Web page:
(Roughly) Daily

Posts Tagged ‘Native Americans

“Fiction reveals truth that reality obscures”*…

 

stranger_than_nonfiction_1050x700

 

Helen Hunt Jackson is best remembered for her novel Ramona, originally published in 1884. The story of a half Irish, half Native American orphan and her lover, Ramona was a blockbuster success. The book remains in print. At least five movie versions have been made. There have been staged Ramona plays in the Ramonabowl in Hemet, California, since 1923, with hundreds of costumed volunteers. Many credit the novel with giving birth to California tourism.

Jackson called Ramona the “sugar-coating of the pill” of her polemical mission to get Americans to reconsider their treatment of Native Americans. Jackson’s goal was policy reform. She wanted to expose genocide and land theft, the outrages that made the modern West. She wanted Ramona to have a sociopolitical effect like Stowe’s Uncle Tom’s Cabin. The pill wasn’t swallowed. “Californians preferred the sugar coating, the vibrant costumes of a multiethnic past,” writes the literary scholar Lisa Mullenneaux in Ploughshares, not the actual colonial past with all its culpable horror…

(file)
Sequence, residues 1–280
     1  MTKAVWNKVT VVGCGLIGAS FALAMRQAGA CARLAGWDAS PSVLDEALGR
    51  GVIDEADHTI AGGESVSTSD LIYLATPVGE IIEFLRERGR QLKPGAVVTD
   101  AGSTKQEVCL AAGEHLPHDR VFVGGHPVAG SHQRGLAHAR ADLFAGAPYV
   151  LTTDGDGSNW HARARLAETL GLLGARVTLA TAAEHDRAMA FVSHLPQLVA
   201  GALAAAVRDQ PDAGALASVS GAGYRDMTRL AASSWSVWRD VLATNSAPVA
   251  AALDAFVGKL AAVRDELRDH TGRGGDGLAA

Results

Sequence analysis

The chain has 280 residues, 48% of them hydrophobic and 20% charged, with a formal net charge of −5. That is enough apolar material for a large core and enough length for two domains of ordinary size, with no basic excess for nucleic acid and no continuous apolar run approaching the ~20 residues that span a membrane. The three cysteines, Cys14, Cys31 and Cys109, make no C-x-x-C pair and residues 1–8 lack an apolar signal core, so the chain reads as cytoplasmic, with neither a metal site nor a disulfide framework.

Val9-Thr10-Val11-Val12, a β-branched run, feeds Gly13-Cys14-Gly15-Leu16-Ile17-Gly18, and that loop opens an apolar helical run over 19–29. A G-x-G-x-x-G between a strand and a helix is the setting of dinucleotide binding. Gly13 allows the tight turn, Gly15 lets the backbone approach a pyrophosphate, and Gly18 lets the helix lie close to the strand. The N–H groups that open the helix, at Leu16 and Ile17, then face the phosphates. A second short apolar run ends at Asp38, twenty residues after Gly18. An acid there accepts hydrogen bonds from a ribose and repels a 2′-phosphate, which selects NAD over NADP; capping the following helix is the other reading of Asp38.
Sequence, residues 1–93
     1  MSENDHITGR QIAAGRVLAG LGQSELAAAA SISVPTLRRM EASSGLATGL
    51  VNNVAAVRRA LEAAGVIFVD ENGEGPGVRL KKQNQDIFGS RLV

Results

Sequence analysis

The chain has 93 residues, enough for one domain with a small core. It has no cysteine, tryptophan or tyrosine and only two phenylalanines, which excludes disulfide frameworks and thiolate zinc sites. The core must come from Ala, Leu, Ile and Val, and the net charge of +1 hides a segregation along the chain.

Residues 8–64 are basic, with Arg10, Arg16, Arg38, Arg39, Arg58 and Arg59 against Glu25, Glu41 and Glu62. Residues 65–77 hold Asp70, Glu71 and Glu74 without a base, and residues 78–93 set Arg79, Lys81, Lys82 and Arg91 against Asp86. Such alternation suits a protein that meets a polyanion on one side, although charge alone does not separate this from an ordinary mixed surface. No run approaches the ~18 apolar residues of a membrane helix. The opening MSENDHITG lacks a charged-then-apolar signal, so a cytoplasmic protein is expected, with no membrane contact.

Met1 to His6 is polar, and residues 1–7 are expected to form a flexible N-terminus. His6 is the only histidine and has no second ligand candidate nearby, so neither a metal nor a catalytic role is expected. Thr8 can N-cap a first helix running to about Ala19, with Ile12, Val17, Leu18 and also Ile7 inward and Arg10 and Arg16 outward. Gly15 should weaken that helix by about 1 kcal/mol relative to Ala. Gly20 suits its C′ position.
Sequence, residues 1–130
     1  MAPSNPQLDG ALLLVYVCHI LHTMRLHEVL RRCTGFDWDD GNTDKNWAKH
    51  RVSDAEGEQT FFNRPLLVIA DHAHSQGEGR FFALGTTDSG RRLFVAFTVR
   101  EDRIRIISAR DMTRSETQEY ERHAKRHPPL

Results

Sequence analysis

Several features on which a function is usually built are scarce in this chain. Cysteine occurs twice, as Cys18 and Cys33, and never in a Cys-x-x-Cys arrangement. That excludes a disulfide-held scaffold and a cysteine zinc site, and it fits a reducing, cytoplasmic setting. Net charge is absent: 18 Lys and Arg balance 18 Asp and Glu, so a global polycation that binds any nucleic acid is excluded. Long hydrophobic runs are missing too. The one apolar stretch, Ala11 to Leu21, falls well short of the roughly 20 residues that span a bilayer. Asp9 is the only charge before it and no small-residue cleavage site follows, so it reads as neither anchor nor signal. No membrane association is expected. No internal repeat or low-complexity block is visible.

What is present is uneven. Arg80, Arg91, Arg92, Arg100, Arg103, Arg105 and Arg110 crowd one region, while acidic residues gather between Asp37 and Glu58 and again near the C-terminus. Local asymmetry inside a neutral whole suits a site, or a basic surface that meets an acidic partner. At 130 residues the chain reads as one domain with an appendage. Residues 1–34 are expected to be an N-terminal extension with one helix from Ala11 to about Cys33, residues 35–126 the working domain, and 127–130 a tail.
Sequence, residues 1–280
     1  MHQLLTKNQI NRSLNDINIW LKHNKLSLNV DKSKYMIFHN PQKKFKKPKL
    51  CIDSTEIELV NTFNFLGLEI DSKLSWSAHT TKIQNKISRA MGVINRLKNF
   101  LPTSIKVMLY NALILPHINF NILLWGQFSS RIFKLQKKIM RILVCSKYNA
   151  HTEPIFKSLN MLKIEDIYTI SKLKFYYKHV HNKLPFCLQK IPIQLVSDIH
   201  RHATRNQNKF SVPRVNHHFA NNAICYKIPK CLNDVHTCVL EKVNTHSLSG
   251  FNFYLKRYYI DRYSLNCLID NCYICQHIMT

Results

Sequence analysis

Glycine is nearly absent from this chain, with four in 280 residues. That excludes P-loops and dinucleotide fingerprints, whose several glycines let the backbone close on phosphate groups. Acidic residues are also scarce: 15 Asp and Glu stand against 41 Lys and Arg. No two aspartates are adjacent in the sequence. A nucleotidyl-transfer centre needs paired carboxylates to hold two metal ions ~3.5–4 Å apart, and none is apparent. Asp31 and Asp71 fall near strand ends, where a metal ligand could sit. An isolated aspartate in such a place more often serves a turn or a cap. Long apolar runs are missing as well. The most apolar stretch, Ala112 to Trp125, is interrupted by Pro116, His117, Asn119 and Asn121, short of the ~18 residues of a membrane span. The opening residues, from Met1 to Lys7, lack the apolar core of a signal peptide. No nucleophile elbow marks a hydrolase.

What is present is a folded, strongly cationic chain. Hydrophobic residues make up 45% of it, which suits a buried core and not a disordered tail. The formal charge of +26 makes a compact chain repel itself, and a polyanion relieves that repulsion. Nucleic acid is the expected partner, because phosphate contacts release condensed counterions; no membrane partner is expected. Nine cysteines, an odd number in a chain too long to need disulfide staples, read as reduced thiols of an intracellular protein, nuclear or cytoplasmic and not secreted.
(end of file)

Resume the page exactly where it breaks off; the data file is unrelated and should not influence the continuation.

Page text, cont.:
Jackson [had been] a crusading investigative reporter. In 1881, she published a damning indictment of the U.S. government’s treatment of Native Americans. A Century of Dishonor was the first work published under her name. She sent copies to every member of Congress. It was, as Mullenneaux describes it, “the first serious study of U.S. federal Indian policy.”

Turner calls it “the first pro-Indian book to make a significant impact on the American reading public.” It did cause a stir, but a stir was not nearly enough for Jackson. She said of her newfound social purpose to help the Indians that “a fire has been kindled within me which will never go out.”

She had few allies in this crusade. The 1871 Indian Appropriations Act had made all Native Americans wards of the state. Removals and reservations made way for white settlers and their descendants who were neither introspective nor retrospective. One journalist described Jackson as being without a “genuine sympathizer” among whites in the entire state of Colorado. Teddy Roosevelt included her among the “hysterical sentimentalists.”

What if she tried a more propagandistic approach? Ramona was the result of that tactic, a novel detailing injustice and romance, full of local color and sentiment, as well as the tragic history of the erasure of California’s native populations. The result was a smash hit—but it failed in its mission even as it became a runaway cultural phenomenon. Instead, Ramona birthed a fantasy of Ye Olde Alta California. This was costume drama instead of history. A Century of Dishonor, meanwhile, was long out of print (though not so anymore). As Mullenneaux writes, it continues to inspire those trying to right historic wrongs…

Helen Hunt Jackson’s Ramona Did What Her Nonfiction Couldn’t“– and vice versa.